Rosetta- Quintessential Ephemera

By Chris Dahlberg

Published on Monday, June 29, 2015

It has been a few years since I spent in-depth time listening to Rosetta, so I missed out on their full length The Anaesthete and follow-up EP Flies to Flame. This isn’t due to a lack of interest, but rather because after being exposed to so many bands through reviewing in the past decade sometimes it can be hard to keep up with them all. But The Galilean Satellites, Wake/Lift, and A Determinism of Morality were albums that all made a significant impression on me, as Rosetta’s progression from crushing sludge and hints of melodic textures to a full-on merging of sludge with absolutely stunning post rock was a welcome one. So it seems appropriate that my reintroduction to the band after these few years away is Quintessential Ephemera captures all of the elements that drew me in on their earlier efforts while continuing to branch out naturally. It’s an effort that has plenty of immediate hooks but rewards those who spend extended time exploring everything each song has to offer, and a sign that even a decade after The Galilean Satellites Rosetts hasn’t lost any of their ability.

One of the biggest changes the group has gone through is the addition of guitarist Eric Jernigan from City of Ships. Not only does Jernigan contribute quite a bit of melodic singing throughout Quintessential Ephemera (which I will touch on shortly), but by adding another guitar player into the mix it has allowed Rosetta to fill out their sound even more. This time around they start things off on the mellower end of the spectrum, as the album begins and ends with softer instrumental pieces that have a lighter, introspective feeling. The other seven songs are all untitled, so this makes it seem as though the beginning and ending tracks really tie everything together. Although there may be some of the softest sections Rosetta has ever written present on Quintessential Ephemera, that’s not to say that they’ve lost that rougher edge and crushing blast of heaviness that was a hallmark of their earlier efforts. But it’s used a bit more sparingly this time around, as rather than serving as the pillar that the instrumentals work off of to create atmosphere the group has gone in the opposite direction and builds up to intense, aggressive climaxes rather than staying there the entire time.

This direction makes sense, and it makes each song enticing to fully explore in-depth. There are even more nuances to the post rock and spacey melodies this time around, and similar to A Determinism of Morality there are quite a few moments that feel genuinely warm and inviting and envelop you in a calming, hazy atmosphere. Yet at the same time there are overwhelmingly powerful moments like the leads on “Untitled V” which head into the opposite spectrum and channel sheer aggression, making it clear that Rosetta’s unlikely to abandon their sludge roots any time soon. While there are plenty of standout riffs and sweeping melodies on individual songs, what I liked the most about Quintessential Ephemera is that the two titled tracks and the seven untitled ones all flow together seamlessly to form one cohesive listening experience.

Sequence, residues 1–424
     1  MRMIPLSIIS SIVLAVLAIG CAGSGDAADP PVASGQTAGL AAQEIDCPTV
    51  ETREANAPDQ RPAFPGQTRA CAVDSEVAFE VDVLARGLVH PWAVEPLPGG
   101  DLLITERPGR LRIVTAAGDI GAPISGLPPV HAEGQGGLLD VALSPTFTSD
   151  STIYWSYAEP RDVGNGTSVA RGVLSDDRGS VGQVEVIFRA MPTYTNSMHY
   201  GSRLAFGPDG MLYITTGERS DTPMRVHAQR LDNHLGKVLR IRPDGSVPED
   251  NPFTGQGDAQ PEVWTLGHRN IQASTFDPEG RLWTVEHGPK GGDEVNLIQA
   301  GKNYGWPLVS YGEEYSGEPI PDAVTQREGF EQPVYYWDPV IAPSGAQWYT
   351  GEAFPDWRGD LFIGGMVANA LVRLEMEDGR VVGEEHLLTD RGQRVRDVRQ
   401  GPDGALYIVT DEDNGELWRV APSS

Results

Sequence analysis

As I mentioned earlier, with the addition of Eric Jernigan there has been a considerable shift towards mellower clean singing. Rosetta’s utilized a little bit of this in the past, but never to this extent, and what’s interesting this time around is that every member of the band contributes some type of vocals over the course of the album. Mike Armine still gets plenty of airtime though, and that’s definitely a good thing as he’s always been one of my favorite vocalists in the sludge genre. His growling cuts through the instrumentation and consistently grabs your attention, and there’s a considerable amount of weight and sheer intensity to his performance that makes a big difference. The cleaner ranges intertwine perfectly with the harsher ones, and they are pulled off with a similar amount of emotion and confidence that fills out the melodic side of the group’s music in a way they haven’t reached before.

I may have missed a few of Rosetta’s releases over the years, but Quintessential Ephemera is one hell of a way to re-acquaint myself with everything this band has to offer. They’ve taken the soaring melodies and warmer textures hinted at previously and taken them to a whole other level, and when mixed with the bursts of intense sludge and aggressive vocals it makes for a truly entrancing listen. It’s interesting to note the shift from a focus on constant heaviness to a more nuances approach, where the blasts are more calculated and add to the climaxes, and this is where these guys prove themselves to be a much more versatile act than so many of the others out there. Whether you’ve been with them since The Galilean Satellites or are a curious newcomer, don’t miss Rosetta’s latest.

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